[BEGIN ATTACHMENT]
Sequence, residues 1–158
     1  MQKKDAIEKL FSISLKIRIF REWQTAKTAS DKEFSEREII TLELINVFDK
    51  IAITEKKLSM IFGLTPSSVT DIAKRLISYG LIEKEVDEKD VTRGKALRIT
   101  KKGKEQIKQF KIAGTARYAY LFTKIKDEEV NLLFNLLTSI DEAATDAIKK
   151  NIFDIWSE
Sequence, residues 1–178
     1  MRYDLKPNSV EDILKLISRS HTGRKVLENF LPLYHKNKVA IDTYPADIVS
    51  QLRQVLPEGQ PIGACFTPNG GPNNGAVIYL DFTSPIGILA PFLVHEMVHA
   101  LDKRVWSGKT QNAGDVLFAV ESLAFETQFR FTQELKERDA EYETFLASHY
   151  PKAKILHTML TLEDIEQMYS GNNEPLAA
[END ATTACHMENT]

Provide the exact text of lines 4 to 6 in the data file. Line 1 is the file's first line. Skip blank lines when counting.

   101  KKGKEQIKQF KIAGTARYAY LFTKIKDEEV NLLFNLLTSI DEAATDAIKK
   151  NIFDIWSE
Sequence, residues 1–178